I love The Beach Boys. I really enjoy their music. I Get Around is my jam, to the point that I actually green screened myself into their music video. Don’t believe me, check it out for yourself:
I couldn’t wait.
Would you believe my disappointment when I heard this album, though? Yeah, I was disappointed. This wasn’t The Beach Boys I loved or enjoyed. Of all the Beach Boy albums to choose… this is the one that shows up on the list? They had such huge hits when they were a surf rock band, any of those albums would have been great. Actually, I find there’s a huge lack of Surf Rock on this list in general. What gives? Why no love for Surf Rock?
So yeah, I didn’t like this album. I found it relatively boring as far as The Beach Boys go and I could easily skip it for the most part. Side A was rather enjoyable and I found had the strongest material off the album, but side B… I just found myself tuning out. It didn’t help that the music itself started to blend together and I sometimes thought I was listening to the same song again.
But before I get sent to the guillotine for not liking this album I will talk about what is good about it. For this I’ll need to conduct a little history lesson. So, pull up your chairs kiddos, it’s time for Beach Boys Music History!!
This album marked a stylistic shift for The Beach Boys. They decided it was time to move on from their Beach Party Music and start maturing as artists both musically and lyrically. They went away from their usual songs about cars, girls and surfing and went into deeper topics of heart-break, relationships, adult-life and growing up. No longer were they the teenagers of the waves, now they were young adults and growing up fast. A lot of this was supported by Brian Wilson’s decision to retire from touring and focus purely on song writing and producing.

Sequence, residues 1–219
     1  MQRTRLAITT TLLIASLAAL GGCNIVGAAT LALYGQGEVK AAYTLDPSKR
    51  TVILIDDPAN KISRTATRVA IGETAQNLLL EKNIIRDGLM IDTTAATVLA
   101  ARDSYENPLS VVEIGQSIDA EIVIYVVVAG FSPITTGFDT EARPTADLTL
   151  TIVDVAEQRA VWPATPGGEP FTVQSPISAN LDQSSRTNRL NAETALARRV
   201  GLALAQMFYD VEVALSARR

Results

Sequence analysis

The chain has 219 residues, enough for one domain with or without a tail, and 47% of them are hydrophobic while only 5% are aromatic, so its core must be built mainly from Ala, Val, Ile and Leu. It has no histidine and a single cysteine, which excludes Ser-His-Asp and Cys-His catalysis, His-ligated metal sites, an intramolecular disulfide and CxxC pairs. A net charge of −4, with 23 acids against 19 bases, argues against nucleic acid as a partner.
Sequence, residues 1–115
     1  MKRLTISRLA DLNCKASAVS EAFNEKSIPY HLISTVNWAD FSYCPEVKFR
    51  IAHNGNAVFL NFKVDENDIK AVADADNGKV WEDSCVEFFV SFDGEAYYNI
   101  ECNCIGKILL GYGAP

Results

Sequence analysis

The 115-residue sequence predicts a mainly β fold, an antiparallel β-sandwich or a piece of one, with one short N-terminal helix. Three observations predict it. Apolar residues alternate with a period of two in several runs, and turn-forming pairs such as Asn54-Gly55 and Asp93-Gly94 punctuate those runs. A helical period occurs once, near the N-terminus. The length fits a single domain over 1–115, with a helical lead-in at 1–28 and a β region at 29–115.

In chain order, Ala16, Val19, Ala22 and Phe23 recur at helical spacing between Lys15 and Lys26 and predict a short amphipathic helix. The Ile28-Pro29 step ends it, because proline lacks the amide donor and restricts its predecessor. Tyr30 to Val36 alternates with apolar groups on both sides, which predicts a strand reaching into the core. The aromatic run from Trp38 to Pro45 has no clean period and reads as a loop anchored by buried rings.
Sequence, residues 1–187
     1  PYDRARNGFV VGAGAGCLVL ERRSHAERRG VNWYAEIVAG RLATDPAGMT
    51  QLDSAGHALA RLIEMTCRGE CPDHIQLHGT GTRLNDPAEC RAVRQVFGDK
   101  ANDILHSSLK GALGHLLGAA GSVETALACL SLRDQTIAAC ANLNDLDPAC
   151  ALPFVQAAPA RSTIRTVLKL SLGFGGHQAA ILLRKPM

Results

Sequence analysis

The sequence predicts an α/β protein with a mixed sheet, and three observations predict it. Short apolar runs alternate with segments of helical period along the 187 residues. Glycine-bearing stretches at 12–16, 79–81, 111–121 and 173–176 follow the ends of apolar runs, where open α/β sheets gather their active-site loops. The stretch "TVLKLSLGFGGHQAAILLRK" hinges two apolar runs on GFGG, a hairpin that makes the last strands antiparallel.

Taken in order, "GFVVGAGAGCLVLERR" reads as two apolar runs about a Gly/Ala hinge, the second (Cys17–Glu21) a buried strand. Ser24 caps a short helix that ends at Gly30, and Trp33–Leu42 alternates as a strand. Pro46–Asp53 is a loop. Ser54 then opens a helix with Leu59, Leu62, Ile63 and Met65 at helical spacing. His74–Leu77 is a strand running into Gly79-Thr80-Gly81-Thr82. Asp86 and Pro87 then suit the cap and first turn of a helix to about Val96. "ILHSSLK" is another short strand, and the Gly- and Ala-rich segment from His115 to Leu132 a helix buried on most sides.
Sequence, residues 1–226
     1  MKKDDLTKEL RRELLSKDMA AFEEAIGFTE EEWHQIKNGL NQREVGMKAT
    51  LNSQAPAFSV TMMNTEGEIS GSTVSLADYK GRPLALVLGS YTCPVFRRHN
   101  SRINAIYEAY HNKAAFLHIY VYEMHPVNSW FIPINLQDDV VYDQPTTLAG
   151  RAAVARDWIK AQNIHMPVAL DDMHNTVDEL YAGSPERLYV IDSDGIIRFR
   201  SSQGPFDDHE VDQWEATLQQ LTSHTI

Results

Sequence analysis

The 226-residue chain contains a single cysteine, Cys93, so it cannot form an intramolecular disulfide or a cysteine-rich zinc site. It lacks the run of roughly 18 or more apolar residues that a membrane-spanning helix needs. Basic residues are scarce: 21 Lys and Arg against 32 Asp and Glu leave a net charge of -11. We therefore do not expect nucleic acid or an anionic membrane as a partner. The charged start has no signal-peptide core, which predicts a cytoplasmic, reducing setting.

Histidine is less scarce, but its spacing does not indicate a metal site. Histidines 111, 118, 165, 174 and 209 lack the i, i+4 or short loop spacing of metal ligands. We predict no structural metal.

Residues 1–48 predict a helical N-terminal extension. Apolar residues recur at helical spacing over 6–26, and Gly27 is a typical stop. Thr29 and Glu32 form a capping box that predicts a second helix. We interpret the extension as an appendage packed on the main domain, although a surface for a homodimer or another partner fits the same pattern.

Brian Wilson was famously known for his breakdowns and his mental instability. This was probably the first instance of one of his famous nervous breakdowns. Having lost his mind from travelling way too much and being over stressed with touring, he had a massive panic attack and decided it would be best to focus purely on the music. It shows here because he definitely got more complex with his arrangements, incorporating way more instruments and using The Wall Of Sound technique that inspired him so much (remember when I talked about this in my post on Phil Spector’s Christmas album? No? Well, check it out for yourself: https://boscosmodernlife.wordpress.com/2017/03/07/1001-albums-a-christmas-gift-for-you/).
This also marks a more mature Beach Boys, who come across as much older than their previous albums talking about various topics like protecting their younger sisters (Don’t Hurt My Little Sister), contemplating their own ageing (When I Grow Up To Be A Man) and dealing with heart-break and relationships (Please Let Me Wonder, Kiss Me Baby, She Knows Me Too Well). They still manage to keep a flavour of their old style with song like Do You Wanna Dance and Dance, Dance, Dance but for the most part what really separates this album for their previous efforts is that this one comes across as more honest and sincere. Brian Wilson took most of the writing efforts and he really lets himself go, opening up his mind and spilling out what’s going on in his head, leaving himself in a slightly vulnerable state to the listener. It was a side of The Beach Boys nobody had seen before and people enjoyed being able to see this side of them. It really adds a layer to the songs that they didn’t quite have in their previous efforts and allows for a more engaging and meaningful experience as you listen and relate to The Beach Boys rather than bop to their music.
The album also ends in a rather peculiar way, not with a song but with a candid, informal interview. You get to hear them talk about the food they just ordered and laugh and chat about a show they just played. I was so confused I had to double check to make sure this was actually part of the album and not just some bonus track in a deluxe edition. To my surprise this interview is actually part of the album, which is rather odd as it really takes you out of it, not sounding or feeling like the rest of the album in any way… yet I somehow found it ended the album rather nicely, which just adds to it’s peculiarity.
That being said, I still didn’t enjoy it, but at least I can recognize the albums strengths. This was a mark in Beach Boys history and is a good look to what’s to come (Do I hear the sound of pets?).
Also, to answer your question… yes, I do want to dance. Thank you.
Song of Choice: When I Grow Up (To be a Man)